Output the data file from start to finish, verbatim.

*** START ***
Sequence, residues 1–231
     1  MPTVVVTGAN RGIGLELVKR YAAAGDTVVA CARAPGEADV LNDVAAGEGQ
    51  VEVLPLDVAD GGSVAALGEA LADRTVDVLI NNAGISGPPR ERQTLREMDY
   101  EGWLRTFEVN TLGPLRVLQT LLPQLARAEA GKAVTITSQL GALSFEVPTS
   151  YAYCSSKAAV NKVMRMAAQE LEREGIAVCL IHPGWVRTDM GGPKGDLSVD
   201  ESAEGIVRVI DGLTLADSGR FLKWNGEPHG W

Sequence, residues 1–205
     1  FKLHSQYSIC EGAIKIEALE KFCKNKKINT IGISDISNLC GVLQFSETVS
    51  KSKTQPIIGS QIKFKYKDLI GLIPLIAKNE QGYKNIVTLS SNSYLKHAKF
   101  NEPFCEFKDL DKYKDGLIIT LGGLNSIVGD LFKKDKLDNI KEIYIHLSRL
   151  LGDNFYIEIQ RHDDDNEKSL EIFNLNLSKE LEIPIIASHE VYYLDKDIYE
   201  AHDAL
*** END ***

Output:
Sequence, residues 1–231
     1  MPTVVVTGAN RGIGLELVKR YAAAGDTVVA CARAPGEADV LNDVAAGEGQ
    51  VEVLPLDVAD GGSVAALGEA LADRTVDVLI NNAGISGPPR ERQTLREMDY
   101  EGWLRTFEVN TLGPLRVLQT LLPQLARAEA GKAVTITSQL GALSFEVPTS
   151  YAYCSSKAAV NKVMRMAAQE LEREGIAVCL IHPGWVRTDM GGPKGDLSVD
   201  ESAEGIVRVI DGLTLADSGR FLKWNGEPHG W

Sequence, residues 1–205
     1  FKLHSQYSIC EGAIKIEALE KFCKNKKINT IGISDISNLC GVLQFSETVS
    51  KSKTQPIIGS QIKFKYKDLI GLIPLIAKNE QGYKNIVTLS SNSYLKHAKF
   101  NEPFCEFKDL DKYKDGLIIT LGGLNSIVGD LFKKDKLDNI KEIYIHLSRL
   151  LGDNFYIEIQ RHDDDNEKSL EIFNLNLSKE LEIPIIASHE VYYLDKDIYE
   201  AHDAL